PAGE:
The Near Enemy of Psychological Flexibility

I recently presented an ACT workshop with NeLi Martin and she spoke about the concept of the ‘near enemy’.

In our attempts to become better people the near enemy can actually be more dangerous than the far enemy.  For example, the far enemy of compassion is hatred but the near enemy is pity. It is easy to differentiate compassion from hatred but much more difficult to spot the more subtle differences between pity and compassion.
In this blog, I often mention psychological flexibility because it is associated with well being.  Steve Hayes defines psychological flexibility as:

The ability to contact the present moment
fully and without defence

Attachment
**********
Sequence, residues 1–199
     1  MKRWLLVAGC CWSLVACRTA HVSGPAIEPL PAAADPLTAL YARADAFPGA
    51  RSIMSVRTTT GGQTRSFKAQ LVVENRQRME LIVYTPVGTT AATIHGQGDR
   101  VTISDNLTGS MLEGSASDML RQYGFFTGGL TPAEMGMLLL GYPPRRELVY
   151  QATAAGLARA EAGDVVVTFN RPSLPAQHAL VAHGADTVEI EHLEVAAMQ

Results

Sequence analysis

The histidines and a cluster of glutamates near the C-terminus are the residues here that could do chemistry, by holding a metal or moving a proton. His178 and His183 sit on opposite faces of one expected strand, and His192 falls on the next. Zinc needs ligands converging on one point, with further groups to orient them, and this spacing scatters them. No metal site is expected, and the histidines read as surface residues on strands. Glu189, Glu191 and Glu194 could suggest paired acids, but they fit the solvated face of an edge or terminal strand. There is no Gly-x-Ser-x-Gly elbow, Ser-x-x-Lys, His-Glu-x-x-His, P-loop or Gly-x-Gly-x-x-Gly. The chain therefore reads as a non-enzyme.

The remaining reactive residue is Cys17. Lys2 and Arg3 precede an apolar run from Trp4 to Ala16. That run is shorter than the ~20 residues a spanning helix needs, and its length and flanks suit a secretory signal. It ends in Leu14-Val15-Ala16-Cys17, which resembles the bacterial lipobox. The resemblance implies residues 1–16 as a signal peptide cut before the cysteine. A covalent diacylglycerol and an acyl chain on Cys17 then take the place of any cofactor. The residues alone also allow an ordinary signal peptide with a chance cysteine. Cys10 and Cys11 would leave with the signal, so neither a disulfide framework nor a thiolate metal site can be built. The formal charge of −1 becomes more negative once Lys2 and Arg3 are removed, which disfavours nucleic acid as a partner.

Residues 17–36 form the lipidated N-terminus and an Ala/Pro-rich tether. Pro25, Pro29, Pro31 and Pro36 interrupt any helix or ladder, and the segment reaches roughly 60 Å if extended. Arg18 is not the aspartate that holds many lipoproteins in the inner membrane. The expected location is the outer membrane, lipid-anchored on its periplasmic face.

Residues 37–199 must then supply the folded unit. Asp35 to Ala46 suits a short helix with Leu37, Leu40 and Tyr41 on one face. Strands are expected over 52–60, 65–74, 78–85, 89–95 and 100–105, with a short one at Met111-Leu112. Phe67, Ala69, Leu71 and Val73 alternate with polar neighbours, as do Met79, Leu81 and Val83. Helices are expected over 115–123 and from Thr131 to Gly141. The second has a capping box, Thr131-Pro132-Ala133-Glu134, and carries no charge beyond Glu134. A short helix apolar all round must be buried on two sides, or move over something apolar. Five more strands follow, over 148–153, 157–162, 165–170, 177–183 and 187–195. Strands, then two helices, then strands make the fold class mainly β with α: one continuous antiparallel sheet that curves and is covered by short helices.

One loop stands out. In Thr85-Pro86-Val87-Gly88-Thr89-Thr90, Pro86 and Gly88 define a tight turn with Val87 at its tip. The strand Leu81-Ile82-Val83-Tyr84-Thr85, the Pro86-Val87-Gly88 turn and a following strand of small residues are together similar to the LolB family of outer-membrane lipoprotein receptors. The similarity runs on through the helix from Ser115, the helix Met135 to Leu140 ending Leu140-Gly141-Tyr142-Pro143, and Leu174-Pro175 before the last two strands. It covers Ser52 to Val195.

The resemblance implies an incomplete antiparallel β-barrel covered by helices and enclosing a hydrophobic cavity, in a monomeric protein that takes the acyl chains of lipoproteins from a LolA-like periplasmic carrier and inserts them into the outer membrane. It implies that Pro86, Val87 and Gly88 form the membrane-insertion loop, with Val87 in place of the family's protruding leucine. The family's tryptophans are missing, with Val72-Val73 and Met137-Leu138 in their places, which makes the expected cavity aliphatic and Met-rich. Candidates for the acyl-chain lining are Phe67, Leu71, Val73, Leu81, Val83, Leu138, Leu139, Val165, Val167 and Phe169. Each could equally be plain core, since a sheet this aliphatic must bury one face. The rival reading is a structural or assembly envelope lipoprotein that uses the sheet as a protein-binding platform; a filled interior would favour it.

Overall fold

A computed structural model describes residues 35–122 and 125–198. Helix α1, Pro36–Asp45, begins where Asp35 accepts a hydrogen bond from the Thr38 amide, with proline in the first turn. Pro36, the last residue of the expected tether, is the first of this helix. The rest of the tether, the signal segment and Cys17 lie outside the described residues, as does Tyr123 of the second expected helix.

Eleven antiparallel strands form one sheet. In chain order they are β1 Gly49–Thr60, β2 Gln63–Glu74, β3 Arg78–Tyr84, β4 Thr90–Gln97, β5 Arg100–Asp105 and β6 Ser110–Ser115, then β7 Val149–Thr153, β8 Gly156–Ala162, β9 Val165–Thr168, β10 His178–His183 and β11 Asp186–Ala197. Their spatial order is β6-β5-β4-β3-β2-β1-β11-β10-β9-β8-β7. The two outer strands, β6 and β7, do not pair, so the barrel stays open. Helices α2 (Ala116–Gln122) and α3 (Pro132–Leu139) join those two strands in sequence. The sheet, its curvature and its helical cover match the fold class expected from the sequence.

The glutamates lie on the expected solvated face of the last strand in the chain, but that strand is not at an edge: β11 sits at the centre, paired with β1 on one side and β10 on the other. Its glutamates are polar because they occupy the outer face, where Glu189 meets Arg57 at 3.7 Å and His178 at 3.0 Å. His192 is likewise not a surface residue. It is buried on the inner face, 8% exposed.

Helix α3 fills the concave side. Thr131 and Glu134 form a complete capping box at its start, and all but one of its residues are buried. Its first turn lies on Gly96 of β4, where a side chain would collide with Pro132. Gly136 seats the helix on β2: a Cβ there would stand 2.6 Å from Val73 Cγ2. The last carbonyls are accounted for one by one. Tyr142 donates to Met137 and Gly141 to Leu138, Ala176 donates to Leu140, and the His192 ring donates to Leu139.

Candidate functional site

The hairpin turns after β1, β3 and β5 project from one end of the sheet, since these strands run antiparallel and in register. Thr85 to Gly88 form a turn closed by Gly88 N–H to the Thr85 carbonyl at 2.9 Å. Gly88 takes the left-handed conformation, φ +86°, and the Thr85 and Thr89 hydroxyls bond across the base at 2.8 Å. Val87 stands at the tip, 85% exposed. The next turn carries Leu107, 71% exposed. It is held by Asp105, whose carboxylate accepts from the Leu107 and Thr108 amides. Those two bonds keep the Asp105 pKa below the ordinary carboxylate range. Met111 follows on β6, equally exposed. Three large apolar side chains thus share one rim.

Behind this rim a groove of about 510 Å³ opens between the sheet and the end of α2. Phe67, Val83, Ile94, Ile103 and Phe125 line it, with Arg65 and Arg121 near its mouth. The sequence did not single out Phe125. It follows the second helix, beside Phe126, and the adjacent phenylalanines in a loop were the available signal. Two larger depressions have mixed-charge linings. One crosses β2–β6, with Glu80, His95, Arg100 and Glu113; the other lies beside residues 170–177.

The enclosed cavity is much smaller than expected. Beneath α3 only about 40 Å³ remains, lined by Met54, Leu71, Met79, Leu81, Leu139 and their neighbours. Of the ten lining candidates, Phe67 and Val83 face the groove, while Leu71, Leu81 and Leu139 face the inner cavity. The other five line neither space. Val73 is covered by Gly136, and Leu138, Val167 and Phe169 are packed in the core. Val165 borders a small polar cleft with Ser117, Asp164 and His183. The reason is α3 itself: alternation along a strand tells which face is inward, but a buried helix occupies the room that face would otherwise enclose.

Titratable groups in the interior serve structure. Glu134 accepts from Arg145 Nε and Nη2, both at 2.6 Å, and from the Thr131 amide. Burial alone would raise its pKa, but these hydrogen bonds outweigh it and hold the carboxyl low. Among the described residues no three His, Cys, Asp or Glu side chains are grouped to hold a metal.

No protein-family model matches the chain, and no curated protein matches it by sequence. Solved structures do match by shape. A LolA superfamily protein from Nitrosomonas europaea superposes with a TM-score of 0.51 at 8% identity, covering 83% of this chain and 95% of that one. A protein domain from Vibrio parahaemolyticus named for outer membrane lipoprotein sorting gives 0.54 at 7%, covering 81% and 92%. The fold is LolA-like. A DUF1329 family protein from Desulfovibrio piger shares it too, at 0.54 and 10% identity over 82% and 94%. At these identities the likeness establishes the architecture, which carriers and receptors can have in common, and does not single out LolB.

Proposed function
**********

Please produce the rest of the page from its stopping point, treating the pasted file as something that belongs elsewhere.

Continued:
as a conscious human being
engaged in life as it is – not as your mind says it is –
and, based on what the situation affords,
changing or persisting in behaviour
in the service of chosen values.

The far enemy of psychological flexibility is ‘experiential avoidance’ – making inflexible choices that aren’t aligned with values and that have the core aim of avoiding painful thoughts, feelings or memories.  Experiential avoidance is associated with all sorts of poor outcomes.

But the near enemy is to turn the choice to live a value laden life into a harsh, ‘fake it ’til you make it’; ‘suck it up’; ‘carry on regardless’ approach.  I think if we want to avoid this near enemy, we need to have a stance of self-compassion when we are doing our best to live our values.

2 thoughts on “The Near Enemy of Psychological Flexibility

  1. All that matters is performance. Being stoic, never getting upset, doing what matters regardless of how you feel, knowing your feelings don’t matter, not letting anything bother you. Competence is judged by our level of emotional control.

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